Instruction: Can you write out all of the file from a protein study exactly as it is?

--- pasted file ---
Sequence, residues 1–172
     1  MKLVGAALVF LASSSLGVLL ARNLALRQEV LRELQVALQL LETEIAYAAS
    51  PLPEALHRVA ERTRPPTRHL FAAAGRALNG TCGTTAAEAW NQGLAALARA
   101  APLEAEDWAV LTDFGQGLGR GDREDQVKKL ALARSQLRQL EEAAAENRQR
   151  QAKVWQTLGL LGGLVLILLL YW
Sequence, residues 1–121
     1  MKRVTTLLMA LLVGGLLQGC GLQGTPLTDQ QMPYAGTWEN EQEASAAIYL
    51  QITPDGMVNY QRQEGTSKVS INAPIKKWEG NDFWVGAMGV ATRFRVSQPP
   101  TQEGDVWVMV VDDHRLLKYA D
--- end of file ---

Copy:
Sequence, residues 1–172
     1  MKLVGAALVF LASSSLGVLL ARNLALRQEV LRELQVALQL LETEIAYAAS
    51  PLPEALHRVA ERTRPPTRHL FAAAGRALNG TCGTTAAEAW NQGLAALARA
   101  APLEAEDWAV LTDFGQGLGR GDREDQVKKL ALARSQLRQL EEAAAENRQR
   151  QAKVWQTLGL LGGLVLILLL YW
Sequence, residues 1–121
     1  MKRVTTLLMA LLVGGLLQGC GLQGTPLTDQ QMPYAGTWEN EQEASAAIYL
    51  QITPDGMVNY QRQEGTSKVS INAPIKKWEG NDFWVGAMGV ATRFRVSQPP
   101  TQEGDVWVMV VDDHRLLKYA D